My father worked in the construction industry, as a foreman, he would point out. I didn’t really know what that meant, but I did know it was something important. It meant bottles accumulating under the table after supper, cigarette smoke curling slowly upwards and through the air vent, and a Don Juan moustache. My father decided to build a house in our allotment. One day, a pile of red bricks appeared beside the trailer. The summer passed, and a hole slowly appeared; then, later, the foundations. On hot days, my sister and I liked to climb into the foundations and spray each other with ice-cold water from the hosepipe. My father put the bricks for the house that would not get built in the shape of a square, and made an outhouse. When my parents divorced, my mother bought a little prefab house, which only needed to be transported to the site and placed on the foundations. I don’t recall where the bricks went, or even if they went anywhere at all. Later the garden house was sold, but maybe the outhouse is still there, a monument to my parents’ failed union.

Sometimes in summer we would go to the coast. Ultraviolet radiation didn’t exist then, nor did coconut-scented sun lotions. We didn’t even have our own cars back then: we travelled to the sea by bus, or maybe by train. Those journeys have been erased from my memory by the hundreds of thousands of kilometres I’ve travelled since. The days by the sea felt endless. They could take in the pier at Palanga, peeling noses, sand on the lips, a dark cinema, a rainy afternoon, fried bread, smoked fish, scaly fingers, and a mermaid’s tail in my dreams.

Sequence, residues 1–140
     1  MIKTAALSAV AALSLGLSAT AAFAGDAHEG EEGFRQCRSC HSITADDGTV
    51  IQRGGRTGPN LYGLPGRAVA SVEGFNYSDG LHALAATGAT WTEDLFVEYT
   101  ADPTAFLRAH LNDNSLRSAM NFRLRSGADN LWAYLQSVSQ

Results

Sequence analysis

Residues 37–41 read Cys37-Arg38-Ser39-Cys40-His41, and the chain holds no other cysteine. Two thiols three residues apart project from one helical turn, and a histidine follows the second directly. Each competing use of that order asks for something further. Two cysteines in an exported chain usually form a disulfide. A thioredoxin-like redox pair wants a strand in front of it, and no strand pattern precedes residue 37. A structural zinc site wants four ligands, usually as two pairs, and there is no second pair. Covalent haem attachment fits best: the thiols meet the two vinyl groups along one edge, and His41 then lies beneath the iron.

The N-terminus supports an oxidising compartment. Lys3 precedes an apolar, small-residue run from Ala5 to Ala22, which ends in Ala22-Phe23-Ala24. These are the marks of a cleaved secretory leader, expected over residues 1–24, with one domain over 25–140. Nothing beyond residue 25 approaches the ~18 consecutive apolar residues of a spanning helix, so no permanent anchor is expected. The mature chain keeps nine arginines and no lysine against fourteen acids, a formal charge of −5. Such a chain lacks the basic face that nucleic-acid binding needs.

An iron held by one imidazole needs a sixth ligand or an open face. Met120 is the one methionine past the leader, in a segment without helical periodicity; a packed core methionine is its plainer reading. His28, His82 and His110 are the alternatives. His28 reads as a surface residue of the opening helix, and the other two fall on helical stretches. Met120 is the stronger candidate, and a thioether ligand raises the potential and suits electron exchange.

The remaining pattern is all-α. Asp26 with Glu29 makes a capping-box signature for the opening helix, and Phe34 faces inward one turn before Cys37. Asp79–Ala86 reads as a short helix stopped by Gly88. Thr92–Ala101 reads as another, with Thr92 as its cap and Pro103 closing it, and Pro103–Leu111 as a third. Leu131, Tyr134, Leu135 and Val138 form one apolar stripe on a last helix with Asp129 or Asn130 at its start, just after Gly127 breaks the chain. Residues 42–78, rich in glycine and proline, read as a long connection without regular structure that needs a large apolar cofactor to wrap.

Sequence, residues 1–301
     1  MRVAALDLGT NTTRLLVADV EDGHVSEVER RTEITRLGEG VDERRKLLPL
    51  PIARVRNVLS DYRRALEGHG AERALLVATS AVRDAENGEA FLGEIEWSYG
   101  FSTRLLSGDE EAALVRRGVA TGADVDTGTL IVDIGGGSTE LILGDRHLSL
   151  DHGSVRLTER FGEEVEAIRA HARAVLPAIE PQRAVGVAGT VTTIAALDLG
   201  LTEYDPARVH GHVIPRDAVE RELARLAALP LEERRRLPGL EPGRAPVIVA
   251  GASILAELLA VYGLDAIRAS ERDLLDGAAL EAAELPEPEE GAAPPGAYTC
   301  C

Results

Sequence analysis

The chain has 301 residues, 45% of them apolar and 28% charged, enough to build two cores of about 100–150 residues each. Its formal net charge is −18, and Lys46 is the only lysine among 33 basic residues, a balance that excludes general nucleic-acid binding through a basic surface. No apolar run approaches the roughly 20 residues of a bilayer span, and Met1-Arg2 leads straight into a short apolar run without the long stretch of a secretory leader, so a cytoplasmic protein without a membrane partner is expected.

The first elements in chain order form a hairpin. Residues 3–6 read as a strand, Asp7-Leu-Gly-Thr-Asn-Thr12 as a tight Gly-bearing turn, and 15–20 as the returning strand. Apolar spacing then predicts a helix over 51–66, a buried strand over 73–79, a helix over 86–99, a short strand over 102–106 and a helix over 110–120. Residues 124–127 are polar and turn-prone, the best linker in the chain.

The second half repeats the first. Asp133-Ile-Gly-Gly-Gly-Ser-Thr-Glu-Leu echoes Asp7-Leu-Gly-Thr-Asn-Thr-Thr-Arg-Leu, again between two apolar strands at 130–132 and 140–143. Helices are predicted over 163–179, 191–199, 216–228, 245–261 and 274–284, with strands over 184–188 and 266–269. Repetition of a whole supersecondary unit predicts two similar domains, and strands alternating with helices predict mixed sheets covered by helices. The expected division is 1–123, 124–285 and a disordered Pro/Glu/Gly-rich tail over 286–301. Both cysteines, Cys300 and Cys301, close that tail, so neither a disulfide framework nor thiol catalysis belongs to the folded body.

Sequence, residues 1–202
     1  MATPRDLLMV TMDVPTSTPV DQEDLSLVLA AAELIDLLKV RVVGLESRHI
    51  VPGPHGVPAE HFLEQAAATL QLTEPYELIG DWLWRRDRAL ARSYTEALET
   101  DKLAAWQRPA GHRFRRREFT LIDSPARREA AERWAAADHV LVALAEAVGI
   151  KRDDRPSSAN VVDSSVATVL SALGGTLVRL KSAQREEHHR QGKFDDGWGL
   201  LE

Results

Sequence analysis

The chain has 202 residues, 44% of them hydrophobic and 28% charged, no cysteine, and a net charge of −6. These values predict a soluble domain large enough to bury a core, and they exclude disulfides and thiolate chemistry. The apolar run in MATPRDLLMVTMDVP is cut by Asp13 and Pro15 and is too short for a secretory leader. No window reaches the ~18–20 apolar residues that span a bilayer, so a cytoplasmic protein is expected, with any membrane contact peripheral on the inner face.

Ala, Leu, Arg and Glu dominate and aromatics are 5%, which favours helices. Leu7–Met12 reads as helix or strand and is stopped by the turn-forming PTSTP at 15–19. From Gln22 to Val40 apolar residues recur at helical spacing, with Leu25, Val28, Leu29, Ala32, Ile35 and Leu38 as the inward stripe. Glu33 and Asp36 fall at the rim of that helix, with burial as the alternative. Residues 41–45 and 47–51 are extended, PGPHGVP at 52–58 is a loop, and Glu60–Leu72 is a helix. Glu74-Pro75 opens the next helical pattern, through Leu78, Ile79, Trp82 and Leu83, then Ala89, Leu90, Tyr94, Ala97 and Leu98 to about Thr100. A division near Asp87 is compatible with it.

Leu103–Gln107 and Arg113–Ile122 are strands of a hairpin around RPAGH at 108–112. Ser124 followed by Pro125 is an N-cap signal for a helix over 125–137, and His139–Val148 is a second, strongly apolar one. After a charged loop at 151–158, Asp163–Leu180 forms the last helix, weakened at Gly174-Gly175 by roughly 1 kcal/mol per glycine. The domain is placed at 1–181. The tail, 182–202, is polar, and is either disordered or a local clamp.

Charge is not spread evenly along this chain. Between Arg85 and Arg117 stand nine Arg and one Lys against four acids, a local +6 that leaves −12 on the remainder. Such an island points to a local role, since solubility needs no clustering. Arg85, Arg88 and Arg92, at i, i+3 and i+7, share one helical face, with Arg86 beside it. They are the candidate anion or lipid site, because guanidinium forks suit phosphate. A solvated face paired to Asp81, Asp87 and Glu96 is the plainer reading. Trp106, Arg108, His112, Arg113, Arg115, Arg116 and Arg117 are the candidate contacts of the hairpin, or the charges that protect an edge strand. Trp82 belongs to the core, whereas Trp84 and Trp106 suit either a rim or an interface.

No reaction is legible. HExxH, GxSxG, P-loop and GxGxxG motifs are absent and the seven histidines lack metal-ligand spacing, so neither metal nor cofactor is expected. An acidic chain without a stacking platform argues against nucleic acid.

The English language only came into my life at the age of ten, in school. Perhaps that is why for a long time I felt unable to dive into the language without surfacing for air. I don’t remember the first word I learned, only the long and tortuous time it took for me to learn to say the article ‘the’. To this day, I hate articles. To me, they are unnecessary appendages affixed to the body of a language. I still cannot figure out when to write ‘a’, and when to write ‘the’. I don’t have a feel for English, and most likely never will. Sometimes I worry I’m starting to lose my feel for Lithuanian as well.

The Toyota drove on. I grew up. The 1990s turned into a low-grade, jittering, pirated videotape. I got married for the first time while I was still a student. If I had stayed with my first husband till death us do part, we’d have been together for twenty years now. Our children would already be studying at university, or maybe, as is fitting for children of successful parents, taking a gap year to work as baristas in hipster cafes in Vilnius, London, Dublin or Paris. They’d have tattoos, an iPad, an iPhone, Instagram, Instagram for their beloved French bulldog, Prozac, and a psychotherapist they could tell repeatedly that their parents are, like, so old-fashioned and, like, so hopeless.